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From: Mitchell Baker <mitchell <at> mozilla.com>
Subject: Introducing Mozilla Conductors -- Group Focused on Productivity in Mozilla Communications
Newsgroups: gmane.comp.mozilla.devel.seamonkey
Date: Wednesday 16th November 2011 04:04:25 UTC (over 6 years ago)
In the last couple of months I've be involved in a surprising number of 
conversations about how to make communication through Mozilla bugs and 
discussion threads more productive.  This ranges from how to keep the 
discussion on point, how to keep the discussions about the substance and 
not the people, and what to do if one feels uncomfortable.  The topic is 
raised by both long time contributors and new participants, and ranges 
from asking for help in how to deal with the topic, to noting how much 
poor communications makes it difficult to work effectively.

We need to be able to speak honestly and directly to each other and 
remain civil.   We do not want to move to a world where only "nice" 
comments are allowed.  We need to have multiple differing viewpoints 
expressed with conviction.  At the same time we need to be able to 
disagree and not get nasty with each other.    This is true of all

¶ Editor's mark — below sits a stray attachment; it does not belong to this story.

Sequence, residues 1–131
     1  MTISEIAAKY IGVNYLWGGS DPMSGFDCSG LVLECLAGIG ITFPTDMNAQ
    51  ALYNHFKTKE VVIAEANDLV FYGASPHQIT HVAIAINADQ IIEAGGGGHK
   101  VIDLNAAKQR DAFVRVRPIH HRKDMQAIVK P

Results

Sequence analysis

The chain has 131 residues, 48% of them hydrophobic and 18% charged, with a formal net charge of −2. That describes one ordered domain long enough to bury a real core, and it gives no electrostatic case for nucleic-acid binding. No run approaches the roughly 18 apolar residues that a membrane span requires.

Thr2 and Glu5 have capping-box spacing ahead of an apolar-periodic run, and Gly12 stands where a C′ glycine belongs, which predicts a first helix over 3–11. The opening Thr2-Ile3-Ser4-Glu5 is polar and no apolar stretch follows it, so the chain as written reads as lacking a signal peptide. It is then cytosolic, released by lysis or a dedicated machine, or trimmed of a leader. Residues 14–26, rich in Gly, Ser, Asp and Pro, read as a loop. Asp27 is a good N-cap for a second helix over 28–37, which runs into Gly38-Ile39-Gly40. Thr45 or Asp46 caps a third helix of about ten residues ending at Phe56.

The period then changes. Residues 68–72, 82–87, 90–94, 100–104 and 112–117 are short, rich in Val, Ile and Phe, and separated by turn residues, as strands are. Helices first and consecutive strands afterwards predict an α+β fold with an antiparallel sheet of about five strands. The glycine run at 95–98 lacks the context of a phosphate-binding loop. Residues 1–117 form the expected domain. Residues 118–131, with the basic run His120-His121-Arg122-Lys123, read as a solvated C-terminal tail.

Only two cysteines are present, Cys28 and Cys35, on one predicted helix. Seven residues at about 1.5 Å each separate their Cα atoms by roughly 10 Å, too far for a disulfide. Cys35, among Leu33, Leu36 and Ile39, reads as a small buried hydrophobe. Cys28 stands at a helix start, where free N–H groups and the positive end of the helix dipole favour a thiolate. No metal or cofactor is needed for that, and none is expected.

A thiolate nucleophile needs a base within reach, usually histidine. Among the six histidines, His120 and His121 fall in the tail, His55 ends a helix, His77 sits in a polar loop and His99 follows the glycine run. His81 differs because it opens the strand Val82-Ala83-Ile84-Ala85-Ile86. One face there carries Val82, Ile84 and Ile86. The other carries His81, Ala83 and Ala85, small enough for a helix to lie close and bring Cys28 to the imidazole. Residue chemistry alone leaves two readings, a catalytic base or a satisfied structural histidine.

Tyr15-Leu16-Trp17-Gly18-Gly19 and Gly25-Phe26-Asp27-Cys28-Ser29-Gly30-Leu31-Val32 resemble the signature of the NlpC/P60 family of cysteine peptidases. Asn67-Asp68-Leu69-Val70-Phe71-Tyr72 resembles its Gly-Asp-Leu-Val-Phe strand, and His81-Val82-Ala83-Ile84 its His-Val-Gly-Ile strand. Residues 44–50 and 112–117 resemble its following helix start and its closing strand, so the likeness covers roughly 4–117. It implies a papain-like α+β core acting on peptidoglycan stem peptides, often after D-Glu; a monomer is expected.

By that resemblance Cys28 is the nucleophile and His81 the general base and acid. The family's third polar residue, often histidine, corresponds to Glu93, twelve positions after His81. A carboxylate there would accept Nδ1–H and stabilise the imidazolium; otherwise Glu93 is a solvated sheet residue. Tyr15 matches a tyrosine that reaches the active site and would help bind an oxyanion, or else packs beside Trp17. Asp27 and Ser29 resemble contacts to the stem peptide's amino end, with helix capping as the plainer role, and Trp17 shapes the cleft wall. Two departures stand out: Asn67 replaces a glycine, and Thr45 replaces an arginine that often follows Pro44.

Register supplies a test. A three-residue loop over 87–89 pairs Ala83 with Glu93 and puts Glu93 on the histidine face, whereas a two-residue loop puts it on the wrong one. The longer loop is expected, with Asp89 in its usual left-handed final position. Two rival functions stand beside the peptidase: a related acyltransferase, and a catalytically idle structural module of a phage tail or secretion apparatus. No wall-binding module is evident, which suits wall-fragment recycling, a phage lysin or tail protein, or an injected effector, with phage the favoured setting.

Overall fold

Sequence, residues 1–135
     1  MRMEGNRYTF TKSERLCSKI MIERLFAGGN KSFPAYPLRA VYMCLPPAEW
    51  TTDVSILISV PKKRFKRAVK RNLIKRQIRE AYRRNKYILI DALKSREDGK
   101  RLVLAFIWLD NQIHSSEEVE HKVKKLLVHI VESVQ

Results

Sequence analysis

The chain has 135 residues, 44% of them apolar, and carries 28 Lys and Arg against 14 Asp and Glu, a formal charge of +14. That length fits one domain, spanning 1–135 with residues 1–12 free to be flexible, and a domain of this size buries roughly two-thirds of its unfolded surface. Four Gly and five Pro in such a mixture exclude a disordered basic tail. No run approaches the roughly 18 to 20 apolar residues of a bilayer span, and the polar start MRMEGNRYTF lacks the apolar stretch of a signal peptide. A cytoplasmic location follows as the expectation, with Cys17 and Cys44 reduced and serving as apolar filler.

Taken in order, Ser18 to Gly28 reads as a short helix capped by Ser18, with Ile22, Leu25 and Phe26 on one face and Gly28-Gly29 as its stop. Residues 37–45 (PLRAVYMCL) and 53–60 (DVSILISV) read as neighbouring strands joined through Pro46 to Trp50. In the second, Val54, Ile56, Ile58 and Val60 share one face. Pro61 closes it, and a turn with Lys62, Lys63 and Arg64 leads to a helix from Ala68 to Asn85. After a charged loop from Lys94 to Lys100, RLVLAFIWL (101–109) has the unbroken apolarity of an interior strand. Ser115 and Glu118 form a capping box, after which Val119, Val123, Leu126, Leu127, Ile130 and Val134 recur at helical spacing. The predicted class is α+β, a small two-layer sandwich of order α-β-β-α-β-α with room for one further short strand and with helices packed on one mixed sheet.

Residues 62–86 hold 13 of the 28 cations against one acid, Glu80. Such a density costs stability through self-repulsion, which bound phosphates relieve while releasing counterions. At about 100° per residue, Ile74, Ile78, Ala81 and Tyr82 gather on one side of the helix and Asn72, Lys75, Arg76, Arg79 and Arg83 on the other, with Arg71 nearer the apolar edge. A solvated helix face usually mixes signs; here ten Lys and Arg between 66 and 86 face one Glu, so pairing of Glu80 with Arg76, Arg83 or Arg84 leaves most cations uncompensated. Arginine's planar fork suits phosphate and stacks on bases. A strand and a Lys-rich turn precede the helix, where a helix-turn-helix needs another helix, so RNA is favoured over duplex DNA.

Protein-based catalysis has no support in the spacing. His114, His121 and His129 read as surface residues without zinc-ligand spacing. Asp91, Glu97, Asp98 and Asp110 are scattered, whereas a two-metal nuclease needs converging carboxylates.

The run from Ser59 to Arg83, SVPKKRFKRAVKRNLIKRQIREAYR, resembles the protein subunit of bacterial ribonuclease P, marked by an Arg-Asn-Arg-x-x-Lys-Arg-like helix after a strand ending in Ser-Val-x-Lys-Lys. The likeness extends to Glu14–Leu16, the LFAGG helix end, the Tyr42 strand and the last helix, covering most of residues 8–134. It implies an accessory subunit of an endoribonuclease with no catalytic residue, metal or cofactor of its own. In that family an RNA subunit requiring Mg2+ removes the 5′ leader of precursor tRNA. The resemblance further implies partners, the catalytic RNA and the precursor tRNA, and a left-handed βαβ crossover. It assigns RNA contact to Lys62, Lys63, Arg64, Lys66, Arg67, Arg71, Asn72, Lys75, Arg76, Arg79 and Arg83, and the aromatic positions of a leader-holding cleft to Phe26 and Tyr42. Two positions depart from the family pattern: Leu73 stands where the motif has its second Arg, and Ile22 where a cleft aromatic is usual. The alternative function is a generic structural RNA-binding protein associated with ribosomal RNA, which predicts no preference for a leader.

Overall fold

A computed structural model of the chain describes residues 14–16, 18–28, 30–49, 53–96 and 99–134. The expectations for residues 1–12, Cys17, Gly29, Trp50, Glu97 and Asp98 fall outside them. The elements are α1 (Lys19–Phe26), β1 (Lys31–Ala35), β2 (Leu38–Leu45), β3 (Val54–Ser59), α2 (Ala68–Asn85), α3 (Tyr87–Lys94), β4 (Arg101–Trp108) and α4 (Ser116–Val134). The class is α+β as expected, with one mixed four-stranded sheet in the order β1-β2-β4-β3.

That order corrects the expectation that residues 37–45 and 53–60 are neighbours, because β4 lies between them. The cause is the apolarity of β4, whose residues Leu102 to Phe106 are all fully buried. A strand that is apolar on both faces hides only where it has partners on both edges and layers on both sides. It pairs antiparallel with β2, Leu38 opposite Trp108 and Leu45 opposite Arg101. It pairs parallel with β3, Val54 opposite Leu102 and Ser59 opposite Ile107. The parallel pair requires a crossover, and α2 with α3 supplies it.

communications of course, but requires special tools for those of us who 
live and work in open, public settings such as our newsgroups and issue 

How do we improve our ability to disagree vehemently and simultaneously 
remain civil and productive?  As in so many things, the answer is to 
empower people who are already doing some of this and to explicitly make 
this a valued contribution.

The Mozilla community includes a number of people who have a great deal 
of  experience in promoting healthy conversations in public fora.  This 
includes activities such as:

-- coaching people on who to respond to nasty settings;
-- coaching people to think a little before they hit post/send/submit.
-- coaching people on how to be direct and yet civil, notifying people 	
	they are at or past the boundary;
-- redirecting conversations into a better place,
-- building a culture of respect in how we communicate with difficult
	 and contentious issues
-- when necessary, letting people know they've gone beyond the boundaries.

We're seeing this sort of guidance growing organically in  parts of the 
Mozilla world.  I believe we should acknowledge that the way we treat 
each other is important, and begin empowering people to lead us in this 

As part of her work with developer engagement, Stormy Peters has offered 
to form a group to lead this effort.  Stormy is a long-time open source 
participant, former ED of the GNOME Foundation, and currently leads 
Mozilla's developer evangelism efforts.  She's talked to a few people 
and formed an initial set of peer-nominated mentors; they are using the 
name Mozilla Conductors.  The primary function of the group will be to 
facilitate conversations that are both honest and civil.

You can learn more about the group on its wiki page: 

Stormy and other conductors will post more on this shortly.

CD: 3ms